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This student’s lifesaving mission for blood stem cell donors

SAVED: Zainab Garba-Sani

IN 2006, Zainab Garba-Sani’s friend received a life-changing blood stem cell donation to treat her sickle cell anaemia. Inspired to overcome the lack of awareness around blood cancers and disorders, Zainab’s now on a mission with the blood cancer charity DKMS to give more people like her friend a second chance of life.

Zainab’s first experience of blood stem cell donation was when her friend received a life-changing donation to treat her sickle cell anaemia. Zainab said: “Coming from a Nigerian ethnic origin I have seen the effect of blood diseases like sickle cell anaemia and how they impact so many lives. Unfortunately, due to a lack of awareness in the UK and stigma in Nigeria, not enough people with an African heritage register to become potential blood stem cell donors”

Blood stem cell donation is an unfamiliar process for many people in the UK. But, for someone with a blood cancer or disorder it can often be the best treatment – a second chance of life.

The closer the genetic match between the donor and patient, the more successful the treatment is likely to be. However, about 70% of people in need of a donation won’t find a matching donor within their own family. Instead they must look to the compassion of others to find a suitable match.

With as few as 2.6% of registered blood stem cell donors in the UK having an African or African-Caribbean heritage, it can be hard for people with the same heritage to find a match. That’s why DKMS exists – to find lifesaving blood stem cell donors for anyone facing a blood cancer or disorder, anywhere in the world.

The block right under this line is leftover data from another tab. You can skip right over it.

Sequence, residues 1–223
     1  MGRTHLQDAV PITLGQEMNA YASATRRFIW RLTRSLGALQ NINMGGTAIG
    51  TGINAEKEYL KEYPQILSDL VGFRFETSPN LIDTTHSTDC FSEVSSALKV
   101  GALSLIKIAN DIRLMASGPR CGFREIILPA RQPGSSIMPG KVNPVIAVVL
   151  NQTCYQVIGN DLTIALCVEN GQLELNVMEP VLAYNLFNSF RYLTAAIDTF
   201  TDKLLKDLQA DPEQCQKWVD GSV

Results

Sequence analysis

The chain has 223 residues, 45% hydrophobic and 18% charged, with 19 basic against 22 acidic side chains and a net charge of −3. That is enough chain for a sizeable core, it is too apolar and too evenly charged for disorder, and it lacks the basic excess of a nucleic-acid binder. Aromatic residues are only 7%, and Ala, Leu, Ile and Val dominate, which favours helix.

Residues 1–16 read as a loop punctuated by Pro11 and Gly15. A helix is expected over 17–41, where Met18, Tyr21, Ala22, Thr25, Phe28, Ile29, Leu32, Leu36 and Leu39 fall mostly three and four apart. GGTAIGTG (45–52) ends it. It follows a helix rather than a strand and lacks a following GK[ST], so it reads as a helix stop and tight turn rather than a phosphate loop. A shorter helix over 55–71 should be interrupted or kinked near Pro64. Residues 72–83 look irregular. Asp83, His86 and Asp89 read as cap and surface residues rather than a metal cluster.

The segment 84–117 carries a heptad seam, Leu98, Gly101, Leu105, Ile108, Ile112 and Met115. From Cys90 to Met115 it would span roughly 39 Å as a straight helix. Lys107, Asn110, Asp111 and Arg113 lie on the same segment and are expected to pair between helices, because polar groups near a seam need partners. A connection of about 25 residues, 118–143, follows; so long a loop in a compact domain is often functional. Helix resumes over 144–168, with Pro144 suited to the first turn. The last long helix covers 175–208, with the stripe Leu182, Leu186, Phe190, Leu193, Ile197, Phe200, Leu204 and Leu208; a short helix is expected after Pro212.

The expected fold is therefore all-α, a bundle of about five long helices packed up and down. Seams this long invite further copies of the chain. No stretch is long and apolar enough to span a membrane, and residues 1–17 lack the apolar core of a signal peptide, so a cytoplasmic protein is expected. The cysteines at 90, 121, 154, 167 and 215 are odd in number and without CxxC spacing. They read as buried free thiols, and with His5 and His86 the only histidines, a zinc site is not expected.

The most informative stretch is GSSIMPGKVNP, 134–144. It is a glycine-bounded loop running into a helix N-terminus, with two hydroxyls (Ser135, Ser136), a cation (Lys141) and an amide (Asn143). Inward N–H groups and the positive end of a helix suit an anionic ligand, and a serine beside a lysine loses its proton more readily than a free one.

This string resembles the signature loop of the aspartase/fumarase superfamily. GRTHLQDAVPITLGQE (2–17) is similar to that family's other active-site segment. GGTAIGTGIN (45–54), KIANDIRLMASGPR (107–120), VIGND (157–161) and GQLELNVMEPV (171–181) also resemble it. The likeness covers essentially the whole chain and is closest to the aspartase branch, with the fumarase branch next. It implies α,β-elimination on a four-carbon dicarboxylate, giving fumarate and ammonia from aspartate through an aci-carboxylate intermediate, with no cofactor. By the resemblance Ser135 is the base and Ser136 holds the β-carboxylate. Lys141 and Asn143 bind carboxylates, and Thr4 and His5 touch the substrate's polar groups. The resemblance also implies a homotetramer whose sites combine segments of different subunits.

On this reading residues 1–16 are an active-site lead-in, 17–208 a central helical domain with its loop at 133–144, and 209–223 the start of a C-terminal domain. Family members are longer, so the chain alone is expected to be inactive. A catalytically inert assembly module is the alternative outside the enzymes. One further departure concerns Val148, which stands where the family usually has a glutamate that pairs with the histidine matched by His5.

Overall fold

Finding lifesavers

Now Zainab is on a mission with the blood cancer charity DKMS to make sure that, for anyone facing a blood cancer or disorder, the odds of finding a lifesaving blood stem cell donor are better.

Zainab said: “Blood cancers, such as leukaemia, can affect anybody. I wanted to get involved with DKMS to support everyone’s fight against blood cancers. There are a lot of people who’ve donated their blood stem cells or are already registered. However, there’s still an urgent need for more donors and I wanted to raise awareness of this to encourage more people to register.”

In 2016 Zainab became DKMS’ first student ambassador and set up a society of volunteers at the University of Bradford to help inspire more young people to sign up as potential blood stem cell donors in the UK.

Zainab said: “After DKMS visited my university I did some research and found out more about their mission and what they wanted to achieve. I thought it was amazing and wanted to be apart of it.”

You could be the lifesaver someone is urgently looking for.

Zainab and her team of volunteers have registered nearly 200 potential blood stem cell donors in the UK so far. She said: “It’s made me realise how people can be so selfless and kind in wanting to help others. It’s been such an inspiration.

“If you’re looking to help make a difference and give something back to the community then this is a great place to start. DKMS is such an amazing charity and we need so many more people to get behind this and volunteer to potentially help save someone’s life. It’s so rewarding and I would urge you to do it. ”

How you can help

If you’re aged between 17 and 55 and in general good health, please sign up for a home swab kit at dkms.org.uk/swab and go on standby to save the life of someone just like you.

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